Tribpedia: Texas Democratic Party

The Texas Democratic Party is the state branch of the Democratic party, generally considered to be center-left on the political spectrum.  It is one of the two major political parties in Texas, the other being the Republican Party of Texas.

The TDP raises money, organizes events, and campaigns for state Democratic candidates.

After many decades in the majority, Democrats have been in the minority in Texas since 1995 when they lost the governorship.  In 2003, they became the minority party in the Texas House of Representatives and the Texas Senate.

From the Handbook of Texas Online, a publication of the Texas State Historical Association:

State laws dictate the formal organization of the Democratic party in Texas and provide for both temporary and permanent organs. The temporary party organs consist of a series of regularly scheduled (biennial) conventions beginning at the precinct level and limited to persons who voted in the party primary. The chief function of the precinct convention is to choose delegates to the county convention or the senatorial district convention held on the third Saturday after the first primary. When a county has more than one senatorial district because of its large population, a separate senatorial district convention is held for each senate district in the county. The delegates who gather at the county and the senatorial district conventions are likewise chiefly concerned with choosing delegates to the state convention held biennially in June for the purpose of formally choosing the state executive committee, adopting a party platform, and officially certifying the party's candidates to be listed on the general election ballot. In presidential election years the state convention also chooses delegates to the national presidential nominating convention. 

The State Democratic Executive Committee includes one man and one woman from each of the thirty-one state senatorial districts, plus a chairman and a vice-chairman, formally chosen by the state convention but informally chosen by a caucus of the delegates from each senatorial district. Occasionally a governor and his advisers will decide that a caucus nominee is simply unacceptable and then will substitute his own choices. By law the state committee is responsible for overseeing the party primary and for canvassing the returns. It also undertakes fund-raising and campaign work for the party. Before Republican Bill Clements' election as governor in 1978, the committee's role was to serve as an adjunct of the governor's office, designed to help the governor as best as it could with political and policy problems. However, after Clements was elected, the party and its machinery developed a new degree of independence from the governor.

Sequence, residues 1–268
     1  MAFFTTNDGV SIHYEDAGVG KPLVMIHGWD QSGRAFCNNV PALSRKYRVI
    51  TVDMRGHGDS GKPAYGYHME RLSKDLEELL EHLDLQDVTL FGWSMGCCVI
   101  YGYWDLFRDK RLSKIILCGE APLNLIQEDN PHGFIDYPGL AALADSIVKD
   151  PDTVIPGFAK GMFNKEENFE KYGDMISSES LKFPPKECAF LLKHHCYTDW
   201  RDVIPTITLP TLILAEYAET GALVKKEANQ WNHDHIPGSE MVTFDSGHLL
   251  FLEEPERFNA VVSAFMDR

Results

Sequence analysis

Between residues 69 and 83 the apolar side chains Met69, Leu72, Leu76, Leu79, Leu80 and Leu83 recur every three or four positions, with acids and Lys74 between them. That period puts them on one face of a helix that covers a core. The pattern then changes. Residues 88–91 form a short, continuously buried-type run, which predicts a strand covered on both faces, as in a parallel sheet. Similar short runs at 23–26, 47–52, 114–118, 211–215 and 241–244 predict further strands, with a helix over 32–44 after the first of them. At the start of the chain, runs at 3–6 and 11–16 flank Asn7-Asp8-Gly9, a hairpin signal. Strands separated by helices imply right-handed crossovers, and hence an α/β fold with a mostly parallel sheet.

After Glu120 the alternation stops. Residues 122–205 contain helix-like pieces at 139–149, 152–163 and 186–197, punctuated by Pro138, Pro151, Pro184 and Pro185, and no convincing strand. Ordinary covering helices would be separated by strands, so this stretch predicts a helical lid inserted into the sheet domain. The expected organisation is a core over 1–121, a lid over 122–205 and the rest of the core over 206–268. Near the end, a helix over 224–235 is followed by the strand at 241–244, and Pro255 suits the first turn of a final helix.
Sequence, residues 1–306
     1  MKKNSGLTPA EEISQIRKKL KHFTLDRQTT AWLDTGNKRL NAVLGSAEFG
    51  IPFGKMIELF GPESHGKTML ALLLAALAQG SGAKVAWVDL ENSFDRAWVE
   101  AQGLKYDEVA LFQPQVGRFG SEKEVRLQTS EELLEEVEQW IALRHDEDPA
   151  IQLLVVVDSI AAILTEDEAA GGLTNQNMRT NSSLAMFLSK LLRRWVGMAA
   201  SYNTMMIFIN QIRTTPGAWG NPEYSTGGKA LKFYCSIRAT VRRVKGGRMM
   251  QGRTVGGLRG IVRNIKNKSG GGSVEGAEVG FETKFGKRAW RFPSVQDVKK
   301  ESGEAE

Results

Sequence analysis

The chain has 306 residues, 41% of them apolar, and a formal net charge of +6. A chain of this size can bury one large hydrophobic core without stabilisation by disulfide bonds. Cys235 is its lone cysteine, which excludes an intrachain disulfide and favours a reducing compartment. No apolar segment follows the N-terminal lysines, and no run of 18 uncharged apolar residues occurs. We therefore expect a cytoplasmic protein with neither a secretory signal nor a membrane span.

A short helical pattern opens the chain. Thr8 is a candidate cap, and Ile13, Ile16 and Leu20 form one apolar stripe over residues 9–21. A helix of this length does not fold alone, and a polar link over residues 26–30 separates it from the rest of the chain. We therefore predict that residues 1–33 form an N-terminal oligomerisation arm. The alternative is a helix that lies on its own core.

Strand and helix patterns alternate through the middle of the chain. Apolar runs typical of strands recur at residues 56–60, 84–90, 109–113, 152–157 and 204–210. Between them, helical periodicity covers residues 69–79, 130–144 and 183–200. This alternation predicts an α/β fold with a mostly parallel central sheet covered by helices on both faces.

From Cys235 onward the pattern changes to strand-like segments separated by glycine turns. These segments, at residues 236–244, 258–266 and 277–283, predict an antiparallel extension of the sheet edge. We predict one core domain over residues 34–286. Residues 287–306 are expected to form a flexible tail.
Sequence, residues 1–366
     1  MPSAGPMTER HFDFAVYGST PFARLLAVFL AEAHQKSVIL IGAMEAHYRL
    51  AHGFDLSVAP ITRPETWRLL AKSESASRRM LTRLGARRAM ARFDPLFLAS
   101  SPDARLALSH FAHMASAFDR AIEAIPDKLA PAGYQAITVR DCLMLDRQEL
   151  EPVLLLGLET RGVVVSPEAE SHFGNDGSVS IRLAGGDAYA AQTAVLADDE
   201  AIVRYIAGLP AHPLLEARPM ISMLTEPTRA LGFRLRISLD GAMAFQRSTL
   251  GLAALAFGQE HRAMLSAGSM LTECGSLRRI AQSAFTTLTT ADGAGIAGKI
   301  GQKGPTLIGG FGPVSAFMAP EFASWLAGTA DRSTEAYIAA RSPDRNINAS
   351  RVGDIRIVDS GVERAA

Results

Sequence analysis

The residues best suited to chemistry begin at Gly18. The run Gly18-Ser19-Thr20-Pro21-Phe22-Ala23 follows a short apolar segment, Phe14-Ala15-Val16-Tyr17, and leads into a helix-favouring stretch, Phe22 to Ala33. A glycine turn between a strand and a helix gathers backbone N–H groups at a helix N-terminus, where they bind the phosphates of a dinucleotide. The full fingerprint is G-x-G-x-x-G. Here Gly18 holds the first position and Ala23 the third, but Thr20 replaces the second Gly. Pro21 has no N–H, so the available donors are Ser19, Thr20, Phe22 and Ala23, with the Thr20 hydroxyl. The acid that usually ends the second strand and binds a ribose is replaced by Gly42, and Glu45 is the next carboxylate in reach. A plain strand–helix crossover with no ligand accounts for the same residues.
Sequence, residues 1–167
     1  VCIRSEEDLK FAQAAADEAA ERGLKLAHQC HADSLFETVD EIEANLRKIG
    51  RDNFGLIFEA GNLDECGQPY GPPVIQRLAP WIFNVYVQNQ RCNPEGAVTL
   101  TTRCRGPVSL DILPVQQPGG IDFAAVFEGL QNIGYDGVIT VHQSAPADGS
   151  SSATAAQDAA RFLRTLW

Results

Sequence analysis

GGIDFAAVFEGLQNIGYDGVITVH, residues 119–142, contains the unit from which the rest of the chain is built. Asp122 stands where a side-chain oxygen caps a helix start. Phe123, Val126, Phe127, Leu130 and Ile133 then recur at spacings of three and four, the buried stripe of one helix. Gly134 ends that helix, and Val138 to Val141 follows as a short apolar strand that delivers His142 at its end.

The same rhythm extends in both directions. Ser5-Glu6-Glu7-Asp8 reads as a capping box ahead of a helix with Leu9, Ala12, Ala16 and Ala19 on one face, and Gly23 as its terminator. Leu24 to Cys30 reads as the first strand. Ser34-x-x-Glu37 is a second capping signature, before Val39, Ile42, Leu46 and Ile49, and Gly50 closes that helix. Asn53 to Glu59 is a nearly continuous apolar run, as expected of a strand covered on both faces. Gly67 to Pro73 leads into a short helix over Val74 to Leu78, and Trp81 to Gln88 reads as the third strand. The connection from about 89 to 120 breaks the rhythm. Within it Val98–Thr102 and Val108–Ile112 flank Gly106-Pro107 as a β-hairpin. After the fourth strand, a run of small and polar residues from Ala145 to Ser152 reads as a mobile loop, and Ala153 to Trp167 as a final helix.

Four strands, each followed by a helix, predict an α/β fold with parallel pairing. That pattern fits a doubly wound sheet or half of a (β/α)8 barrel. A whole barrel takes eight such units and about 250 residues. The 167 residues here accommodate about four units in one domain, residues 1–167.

The Democratic party has played a central role in the political development of Texas since white Americans first settled the region. The majority of early settlers came from the American South and brought their past political allegiances with them. Texas Democrats evolved over the years from a very loose association into an organized party. This evolution was slow because the lack of a second party in Texas throughout much of the state's history caused Democrats to be less concerned with developing a unified, centralized party organization and more inclined to engage in factional strife. Throughout much of its existence, the Democratic party has been protective of the status quo.